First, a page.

Economy conspires against proprietary software

Vendors of proprietary software are discounting their products in order to keep up with the pricing pressure exerted by open source.

Back in the good old days, enterprises paid through the nose for software and didn't ask too many questions. Those days are gone.

The Wall Street Journal reports that Oracle customers are asking serious questions about its bloated maintenance pricing, which no doubt translates into hefty discounts. Meanwhile, Microsoft is shaving its leasing pricing by as much as 25 percent , CNET notes.

What gives? Not customers, at least--not to the same level they used to, which is forcing software vendors to drop their pricing to keep up. According to a recent Goldman Sachs CIO survey , cost reduction is the No. 1 priority for CIOs, and open source is rapidly gaining mind share as a primary way to achieve this.

Vendors, both open source and proprietary, may not want to compete on price, preferring to focus on differentiating technology. But in this environment, cash is king, and open-source software requires less cash.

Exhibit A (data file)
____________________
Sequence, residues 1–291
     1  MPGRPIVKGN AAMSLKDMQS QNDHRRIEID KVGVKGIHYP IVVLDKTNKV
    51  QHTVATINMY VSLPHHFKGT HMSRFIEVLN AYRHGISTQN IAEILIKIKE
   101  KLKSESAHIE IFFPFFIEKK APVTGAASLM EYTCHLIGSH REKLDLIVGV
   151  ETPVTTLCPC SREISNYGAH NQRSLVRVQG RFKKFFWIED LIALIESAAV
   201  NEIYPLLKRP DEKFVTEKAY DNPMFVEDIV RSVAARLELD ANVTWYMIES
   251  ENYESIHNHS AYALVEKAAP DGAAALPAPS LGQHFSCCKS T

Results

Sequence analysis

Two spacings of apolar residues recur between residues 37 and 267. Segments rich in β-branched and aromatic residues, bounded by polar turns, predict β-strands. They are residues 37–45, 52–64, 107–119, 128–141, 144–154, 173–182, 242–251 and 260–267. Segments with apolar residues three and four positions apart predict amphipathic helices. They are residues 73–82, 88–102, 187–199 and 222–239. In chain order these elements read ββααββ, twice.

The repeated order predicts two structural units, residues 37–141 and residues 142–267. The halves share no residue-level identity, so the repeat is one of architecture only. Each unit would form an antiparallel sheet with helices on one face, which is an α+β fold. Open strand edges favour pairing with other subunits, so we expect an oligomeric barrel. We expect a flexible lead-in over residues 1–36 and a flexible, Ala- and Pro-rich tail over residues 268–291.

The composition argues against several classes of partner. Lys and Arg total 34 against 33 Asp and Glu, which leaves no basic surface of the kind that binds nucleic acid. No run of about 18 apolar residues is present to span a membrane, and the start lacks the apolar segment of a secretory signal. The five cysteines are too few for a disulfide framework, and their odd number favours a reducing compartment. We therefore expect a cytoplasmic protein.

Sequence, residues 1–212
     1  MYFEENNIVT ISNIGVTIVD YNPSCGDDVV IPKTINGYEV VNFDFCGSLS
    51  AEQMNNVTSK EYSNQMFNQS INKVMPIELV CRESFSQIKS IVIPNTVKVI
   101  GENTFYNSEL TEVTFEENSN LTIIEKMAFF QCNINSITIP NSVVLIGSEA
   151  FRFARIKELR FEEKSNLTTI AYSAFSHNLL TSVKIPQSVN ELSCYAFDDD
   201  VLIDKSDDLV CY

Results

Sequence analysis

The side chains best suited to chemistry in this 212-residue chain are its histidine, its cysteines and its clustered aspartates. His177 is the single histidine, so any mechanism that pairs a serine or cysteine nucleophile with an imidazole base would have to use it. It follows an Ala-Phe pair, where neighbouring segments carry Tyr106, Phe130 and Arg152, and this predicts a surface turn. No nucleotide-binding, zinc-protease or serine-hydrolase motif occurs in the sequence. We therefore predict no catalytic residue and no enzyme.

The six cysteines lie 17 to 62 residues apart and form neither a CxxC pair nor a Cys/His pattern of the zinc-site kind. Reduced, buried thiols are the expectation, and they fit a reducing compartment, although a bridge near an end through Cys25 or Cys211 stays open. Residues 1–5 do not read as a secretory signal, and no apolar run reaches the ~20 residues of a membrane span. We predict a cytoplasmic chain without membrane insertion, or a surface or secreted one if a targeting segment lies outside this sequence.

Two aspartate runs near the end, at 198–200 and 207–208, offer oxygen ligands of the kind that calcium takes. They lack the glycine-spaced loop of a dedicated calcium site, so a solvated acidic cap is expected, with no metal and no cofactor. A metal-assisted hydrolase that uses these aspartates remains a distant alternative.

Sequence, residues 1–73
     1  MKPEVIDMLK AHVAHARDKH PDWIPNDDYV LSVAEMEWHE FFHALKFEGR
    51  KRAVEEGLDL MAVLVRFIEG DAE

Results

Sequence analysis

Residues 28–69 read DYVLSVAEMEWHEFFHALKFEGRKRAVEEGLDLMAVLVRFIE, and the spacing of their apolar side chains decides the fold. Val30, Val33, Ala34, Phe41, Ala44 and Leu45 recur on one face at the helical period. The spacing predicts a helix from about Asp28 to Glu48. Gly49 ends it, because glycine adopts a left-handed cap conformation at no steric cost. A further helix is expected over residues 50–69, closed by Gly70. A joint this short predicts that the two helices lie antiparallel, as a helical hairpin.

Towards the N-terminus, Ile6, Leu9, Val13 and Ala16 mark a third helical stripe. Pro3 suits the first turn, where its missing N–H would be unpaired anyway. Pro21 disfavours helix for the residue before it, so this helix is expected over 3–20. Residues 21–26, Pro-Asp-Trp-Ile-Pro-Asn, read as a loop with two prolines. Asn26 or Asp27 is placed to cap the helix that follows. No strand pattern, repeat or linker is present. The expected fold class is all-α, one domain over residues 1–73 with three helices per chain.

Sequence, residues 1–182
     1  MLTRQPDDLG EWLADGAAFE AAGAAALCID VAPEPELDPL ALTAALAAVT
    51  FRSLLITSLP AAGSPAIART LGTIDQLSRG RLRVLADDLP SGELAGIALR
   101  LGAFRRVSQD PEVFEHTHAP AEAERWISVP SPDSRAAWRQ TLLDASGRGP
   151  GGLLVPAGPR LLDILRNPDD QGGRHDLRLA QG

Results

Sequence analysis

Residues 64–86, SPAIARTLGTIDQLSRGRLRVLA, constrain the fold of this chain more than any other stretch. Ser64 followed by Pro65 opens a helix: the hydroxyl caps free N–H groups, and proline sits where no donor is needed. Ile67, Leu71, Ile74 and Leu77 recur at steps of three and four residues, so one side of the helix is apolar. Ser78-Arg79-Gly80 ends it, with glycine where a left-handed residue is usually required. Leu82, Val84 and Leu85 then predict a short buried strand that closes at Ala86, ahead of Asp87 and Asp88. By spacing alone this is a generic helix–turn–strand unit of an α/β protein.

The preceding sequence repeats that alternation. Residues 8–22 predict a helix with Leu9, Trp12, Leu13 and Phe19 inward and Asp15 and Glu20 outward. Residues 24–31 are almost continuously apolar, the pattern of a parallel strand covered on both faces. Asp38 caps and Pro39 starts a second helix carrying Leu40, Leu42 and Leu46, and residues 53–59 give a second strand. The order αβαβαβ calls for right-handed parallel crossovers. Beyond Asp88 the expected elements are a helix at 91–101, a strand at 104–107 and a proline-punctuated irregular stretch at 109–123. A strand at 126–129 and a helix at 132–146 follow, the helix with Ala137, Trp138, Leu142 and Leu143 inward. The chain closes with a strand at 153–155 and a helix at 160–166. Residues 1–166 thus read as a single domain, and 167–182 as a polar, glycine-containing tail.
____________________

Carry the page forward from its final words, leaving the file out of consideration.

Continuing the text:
How much less? Well, you can always calculate just how much money you're saving by reusing open-source code in your project, but at a high level, consider this: while open source requires no acquisition charge, it can also cost considerably less in implementation fees because open APIs, open standards, and code transparency translate into lower deployment costs.

Oracle and Microsoft aren't going away anytime soon. They'll be winners through the downturn.

But when you see these "winning" vendors having to aggressively discount their pricing to compete, imagine what the lesser vendors have to do...and smile if you've invested in an open-source company.

Follow me on Twitter at mjasay.

Tech Culture
About the author

    Matt Asay is chief operating officer at Canonical, the company behind the Ubuntu Linux operating system. Prior to Canonical, Matt was general manager of the Americas division and vice president of business development at Alfresco, an open-source applications company. Matt brings a decade of in-the-trenches open-source business and legal experience to The Open Road, with an emphasis on emerging open-source business strategies and opportunities. He is a member of the CNET Blog Network and is not an employee of CNET. You can follow Matt on Twitter @mjasay.


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